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Conflicts over Extractivist Policy and the Forest Frontier in Central America

Authors:

Anthony James Bebbington ,

University of Melbourne, Australia, and Clark University USA, AU
About Anthony

Anthony Bebbington <Bebbington.a@unimelb.edu.au> is Australia Laureate Fellow in the School of Geography, University of Melbourne, and Higgins Professor of Environment and Society at Clark University. He is Professorial Fellow in the Global Development Institute at the University of Manchester, Research Associate of Rimisp-Latin American Centre for Rural Development, a Director of Oxfam America, and a member of the US National Academy of Sciences and the American Academy of Arts and Sciences. Books include Governing Extractive Industries: Politics, Histories, Ideas (OUP, 2018 with A-G. Abdulai, D. Humphreys Bebbington, M. Hinfelaar and C. Sanborn), Subterranean Struggles: New Dynamics of Mining, Oil and Gas in Latin America (University of Texas Press, 2013, ed. with J. Bury) and Social Conflict, Economic Development and Extractive Industries: Evidence from Latin America (Routledge, 2012, ed.).

 

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Laura Aileen Sauls,

Clark University USA, US
About Laura
Laura Aileen Sauls <lsauls@clarku.edu> is a doctoral candidate in the Graduate School of Geography at Clark University. She received her MPhil in Development Studies from the University of Oxford (UK) and B.A. in International Relations and Environmental Science & Policy from the College of William & Mary in Virginia (USA). She is a recipient of the 2018 P.E.O. Scholar Award and of a 2016 Inter-American Foundation Grassroots Development Fellowship. Her research interests include indigenous social movements, international environmental politics, and forest governance.
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Herman Rosa,

Fundación PRISMA El Salvador, SV
About Herman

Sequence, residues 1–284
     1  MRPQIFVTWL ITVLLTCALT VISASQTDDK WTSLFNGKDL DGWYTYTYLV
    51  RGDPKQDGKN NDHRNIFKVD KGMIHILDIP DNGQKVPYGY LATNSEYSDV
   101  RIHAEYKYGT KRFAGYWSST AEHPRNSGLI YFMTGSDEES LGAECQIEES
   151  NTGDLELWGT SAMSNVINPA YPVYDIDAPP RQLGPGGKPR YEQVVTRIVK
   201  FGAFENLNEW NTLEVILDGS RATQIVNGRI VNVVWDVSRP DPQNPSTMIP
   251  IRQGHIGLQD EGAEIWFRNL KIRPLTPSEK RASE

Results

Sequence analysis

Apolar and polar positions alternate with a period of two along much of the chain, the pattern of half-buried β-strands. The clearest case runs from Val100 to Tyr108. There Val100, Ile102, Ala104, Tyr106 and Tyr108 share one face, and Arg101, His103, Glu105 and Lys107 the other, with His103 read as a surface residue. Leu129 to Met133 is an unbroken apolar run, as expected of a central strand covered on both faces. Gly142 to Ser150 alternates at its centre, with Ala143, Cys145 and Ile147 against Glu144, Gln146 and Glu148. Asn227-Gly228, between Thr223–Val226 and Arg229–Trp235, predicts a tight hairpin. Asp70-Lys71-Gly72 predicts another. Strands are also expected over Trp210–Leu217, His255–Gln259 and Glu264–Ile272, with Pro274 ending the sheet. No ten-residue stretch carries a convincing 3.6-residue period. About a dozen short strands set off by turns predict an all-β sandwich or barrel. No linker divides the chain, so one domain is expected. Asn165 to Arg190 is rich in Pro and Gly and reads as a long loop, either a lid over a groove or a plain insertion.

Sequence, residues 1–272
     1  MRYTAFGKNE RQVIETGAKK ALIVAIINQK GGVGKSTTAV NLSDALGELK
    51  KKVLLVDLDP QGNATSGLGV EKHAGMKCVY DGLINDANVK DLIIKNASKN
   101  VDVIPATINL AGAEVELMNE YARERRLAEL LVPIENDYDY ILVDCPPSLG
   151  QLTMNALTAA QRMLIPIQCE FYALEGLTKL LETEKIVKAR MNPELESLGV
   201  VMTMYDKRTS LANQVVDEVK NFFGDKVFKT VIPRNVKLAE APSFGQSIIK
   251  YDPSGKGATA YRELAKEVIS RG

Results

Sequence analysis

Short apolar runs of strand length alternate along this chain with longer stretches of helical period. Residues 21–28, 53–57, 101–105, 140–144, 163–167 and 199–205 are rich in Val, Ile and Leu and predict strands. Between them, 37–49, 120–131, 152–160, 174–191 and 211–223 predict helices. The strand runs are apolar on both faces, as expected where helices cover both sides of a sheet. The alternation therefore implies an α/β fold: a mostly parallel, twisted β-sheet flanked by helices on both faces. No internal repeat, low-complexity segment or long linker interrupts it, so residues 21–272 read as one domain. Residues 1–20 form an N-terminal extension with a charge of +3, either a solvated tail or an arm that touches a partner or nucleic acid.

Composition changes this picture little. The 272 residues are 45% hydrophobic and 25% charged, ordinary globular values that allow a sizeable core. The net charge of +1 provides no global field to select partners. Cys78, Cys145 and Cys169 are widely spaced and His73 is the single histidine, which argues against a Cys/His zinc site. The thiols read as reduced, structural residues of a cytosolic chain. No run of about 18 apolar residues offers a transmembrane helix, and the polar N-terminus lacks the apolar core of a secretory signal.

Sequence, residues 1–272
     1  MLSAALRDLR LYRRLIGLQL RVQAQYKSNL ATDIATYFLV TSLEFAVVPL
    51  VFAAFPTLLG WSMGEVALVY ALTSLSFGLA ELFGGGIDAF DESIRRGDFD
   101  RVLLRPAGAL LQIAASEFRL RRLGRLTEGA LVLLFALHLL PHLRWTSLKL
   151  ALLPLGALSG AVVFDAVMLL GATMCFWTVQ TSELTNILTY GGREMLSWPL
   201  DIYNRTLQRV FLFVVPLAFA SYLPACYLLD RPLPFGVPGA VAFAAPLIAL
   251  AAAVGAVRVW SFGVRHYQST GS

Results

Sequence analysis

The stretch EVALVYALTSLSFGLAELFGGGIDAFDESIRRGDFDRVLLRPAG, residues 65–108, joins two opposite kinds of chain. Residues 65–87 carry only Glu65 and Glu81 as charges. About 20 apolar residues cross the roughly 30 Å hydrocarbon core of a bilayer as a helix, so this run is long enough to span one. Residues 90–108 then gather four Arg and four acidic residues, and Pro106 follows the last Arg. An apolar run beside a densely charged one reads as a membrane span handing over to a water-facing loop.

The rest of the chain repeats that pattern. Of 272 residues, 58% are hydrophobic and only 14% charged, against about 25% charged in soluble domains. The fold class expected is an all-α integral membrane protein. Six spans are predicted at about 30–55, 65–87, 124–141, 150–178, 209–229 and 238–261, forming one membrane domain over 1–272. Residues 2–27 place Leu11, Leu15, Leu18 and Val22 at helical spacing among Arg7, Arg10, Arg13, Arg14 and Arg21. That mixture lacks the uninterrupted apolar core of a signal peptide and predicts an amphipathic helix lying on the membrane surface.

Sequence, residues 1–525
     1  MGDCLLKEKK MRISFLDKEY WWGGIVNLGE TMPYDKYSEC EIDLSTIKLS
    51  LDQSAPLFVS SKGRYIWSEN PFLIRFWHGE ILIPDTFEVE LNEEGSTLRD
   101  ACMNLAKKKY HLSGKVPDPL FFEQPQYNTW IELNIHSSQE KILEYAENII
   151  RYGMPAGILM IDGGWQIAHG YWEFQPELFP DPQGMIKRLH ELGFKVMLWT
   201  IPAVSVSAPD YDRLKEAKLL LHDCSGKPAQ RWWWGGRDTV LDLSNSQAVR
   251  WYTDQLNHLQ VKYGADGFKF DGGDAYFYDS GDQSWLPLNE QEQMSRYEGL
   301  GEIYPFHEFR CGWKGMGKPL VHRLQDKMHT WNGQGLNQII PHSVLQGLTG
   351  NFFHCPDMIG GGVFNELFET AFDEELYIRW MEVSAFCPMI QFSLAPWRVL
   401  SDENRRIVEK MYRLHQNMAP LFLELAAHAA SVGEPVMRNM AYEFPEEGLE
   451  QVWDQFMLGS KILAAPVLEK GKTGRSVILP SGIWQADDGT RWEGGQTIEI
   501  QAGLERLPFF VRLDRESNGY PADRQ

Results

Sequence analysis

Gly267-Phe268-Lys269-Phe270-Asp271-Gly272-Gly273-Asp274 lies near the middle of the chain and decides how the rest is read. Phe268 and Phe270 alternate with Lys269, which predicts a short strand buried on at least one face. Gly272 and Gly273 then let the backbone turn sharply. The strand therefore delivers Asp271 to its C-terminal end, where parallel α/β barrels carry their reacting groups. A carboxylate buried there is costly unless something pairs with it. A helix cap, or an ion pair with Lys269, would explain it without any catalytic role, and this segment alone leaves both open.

Herman Rosa <hermanrosa@gmail.com> is Former Minister of the Environment of El Salvador from June 2009 to May 2014. He was previously a senior researcher and Director of PRISMA, an applied research centre on development and environment issues based in San Salvador. He is the author or co-author of numerous publications on issues related to climate change, economic change, water issues, extractivism, rural livelihoods and public policies. He is a founding member of the Alliance for Rural Climate Resilience in Latin America. Currently, he works is an advisor on environmental policies and climate finance.

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Benjamin Fash,

Clark University USA, US
About Benjamin

Benjamin Fash <bfash@clarku.edu> is a PhD Candidate, National Science Foundation Graduate Research Fellow, and Fulbright Student Researcher in Geography at Clark University. Previously, he was Director of Special Projects at the Golden Gate National Parks Conservancy. His research examines extractivism, social movements, and community economies with a focus on Honduras. There, he has collaborated with the Universidad Nacional Autónoma de Honduras, Oxfam, and the Coalición Ambientalista de Copán. He is also a member of the organizing committee for the Escuela de Mujeres en Resistencia (EMUR).

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Denise Humphreys Bebbington

Clark University USA, US
About Denise